"I love it, but my friends stopped playing with me because I always win."

"Really!" we chorused again.

"After dinner, let's stop at the Bike," Hobby suggested. On the way to Bell Gardens we quizzed Jimmy about poker. He understood the game, but wasn't familiar with advanced concepts. My thought of finding a poker genius in the rough was fast evaporating. Likely he was only a small town whiz; hardly star potential, but I'd show him a good time for Mary's sake.

"What's your favorite game?" I asked.

"7-card stud."

"That's a good game," Hobby said, "Why do you like it?"

"I win more at seven, maybe because I have more time to think."

"7-card it is then. We'll see how you do against the local talent."

"I don't have much money to lose; we only play nickel and dime."

"Don't worry about it, we'll stake you. You're our guest tonight," Hobby said.

We gave him two trays of singles and got him a seat at a $3/$6 pot limit 7-card game we could watch from the sidelines.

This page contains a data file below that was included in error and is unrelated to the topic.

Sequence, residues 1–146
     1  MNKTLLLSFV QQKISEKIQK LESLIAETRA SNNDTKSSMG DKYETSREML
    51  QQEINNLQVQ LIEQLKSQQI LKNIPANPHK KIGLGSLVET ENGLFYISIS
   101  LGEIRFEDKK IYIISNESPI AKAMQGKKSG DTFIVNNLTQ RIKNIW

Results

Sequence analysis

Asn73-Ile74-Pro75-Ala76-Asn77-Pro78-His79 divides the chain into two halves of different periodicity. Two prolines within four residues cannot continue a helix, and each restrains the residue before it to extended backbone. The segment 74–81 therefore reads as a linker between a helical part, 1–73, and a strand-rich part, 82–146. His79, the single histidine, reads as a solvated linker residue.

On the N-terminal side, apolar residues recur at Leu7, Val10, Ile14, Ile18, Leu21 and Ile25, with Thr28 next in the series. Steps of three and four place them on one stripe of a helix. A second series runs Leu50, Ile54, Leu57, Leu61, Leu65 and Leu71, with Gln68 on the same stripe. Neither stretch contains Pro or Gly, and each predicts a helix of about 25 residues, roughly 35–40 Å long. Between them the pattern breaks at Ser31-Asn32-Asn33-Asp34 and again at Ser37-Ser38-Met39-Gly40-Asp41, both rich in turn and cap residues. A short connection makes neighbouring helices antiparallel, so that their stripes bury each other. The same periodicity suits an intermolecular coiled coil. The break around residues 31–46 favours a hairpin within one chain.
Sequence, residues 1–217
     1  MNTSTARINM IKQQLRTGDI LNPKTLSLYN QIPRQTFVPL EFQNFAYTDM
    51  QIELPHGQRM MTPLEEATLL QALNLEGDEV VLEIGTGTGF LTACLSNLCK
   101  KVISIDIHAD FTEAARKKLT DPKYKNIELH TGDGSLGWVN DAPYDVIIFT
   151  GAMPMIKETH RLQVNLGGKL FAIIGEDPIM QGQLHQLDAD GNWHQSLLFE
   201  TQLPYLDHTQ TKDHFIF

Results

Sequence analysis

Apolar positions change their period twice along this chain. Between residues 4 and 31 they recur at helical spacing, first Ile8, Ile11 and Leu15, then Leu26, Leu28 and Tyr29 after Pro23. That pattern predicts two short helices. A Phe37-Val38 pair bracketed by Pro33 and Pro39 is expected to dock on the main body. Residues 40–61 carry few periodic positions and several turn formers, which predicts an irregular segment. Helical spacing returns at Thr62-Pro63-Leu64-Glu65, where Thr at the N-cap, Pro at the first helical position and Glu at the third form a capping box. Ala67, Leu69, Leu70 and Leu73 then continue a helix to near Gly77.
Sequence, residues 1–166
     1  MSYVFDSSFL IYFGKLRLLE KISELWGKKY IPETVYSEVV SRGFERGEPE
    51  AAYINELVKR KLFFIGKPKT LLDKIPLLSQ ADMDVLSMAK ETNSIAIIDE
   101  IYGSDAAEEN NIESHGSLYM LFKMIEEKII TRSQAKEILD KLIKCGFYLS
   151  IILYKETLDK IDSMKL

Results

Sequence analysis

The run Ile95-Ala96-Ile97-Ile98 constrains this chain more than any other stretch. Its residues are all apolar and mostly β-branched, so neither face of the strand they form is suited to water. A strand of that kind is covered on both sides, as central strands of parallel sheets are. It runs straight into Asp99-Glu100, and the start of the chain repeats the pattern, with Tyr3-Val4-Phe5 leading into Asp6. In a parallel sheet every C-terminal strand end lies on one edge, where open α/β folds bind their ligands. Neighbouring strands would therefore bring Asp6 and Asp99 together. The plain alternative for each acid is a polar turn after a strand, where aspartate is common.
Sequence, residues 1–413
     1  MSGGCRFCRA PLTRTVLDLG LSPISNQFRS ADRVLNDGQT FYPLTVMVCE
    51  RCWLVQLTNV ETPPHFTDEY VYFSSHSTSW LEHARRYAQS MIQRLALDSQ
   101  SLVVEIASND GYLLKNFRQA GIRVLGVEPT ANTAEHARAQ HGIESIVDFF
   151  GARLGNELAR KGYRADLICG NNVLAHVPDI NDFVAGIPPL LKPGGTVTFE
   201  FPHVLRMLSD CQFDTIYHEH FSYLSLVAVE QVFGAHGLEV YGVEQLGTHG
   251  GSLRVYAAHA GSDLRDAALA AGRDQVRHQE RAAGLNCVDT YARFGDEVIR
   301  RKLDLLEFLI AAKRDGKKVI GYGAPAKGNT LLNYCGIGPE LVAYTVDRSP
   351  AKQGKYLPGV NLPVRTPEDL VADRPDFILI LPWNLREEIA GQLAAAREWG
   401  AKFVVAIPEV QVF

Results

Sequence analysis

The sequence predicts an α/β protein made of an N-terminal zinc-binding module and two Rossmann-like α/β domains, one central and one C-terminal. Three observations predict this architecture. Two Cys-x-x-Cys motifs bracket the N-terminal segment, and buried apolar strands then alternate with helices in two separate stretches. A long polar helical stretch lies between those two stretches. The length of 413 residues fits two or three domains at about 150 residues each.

He seemed uncomfortable for a while, but it wasn't long before he caught on to the play. He didn't play a lot of hands, and often dropped out after a card or two.

Jimmy was finally in his first big showdown; the betting had been heavy. He had a goodly portion of his chips in the pot. After the down card was dealt, a player bet about half the pot; two others still in folded. It was Jimmy's turn to call or fold. Our young friend was looking intently across the table at his older opponent. The up cards didn't make clear who had an advantage. There could be straights or flushes in contention. I was feeling sorry for Jimmy, hoping he knew what he was doing.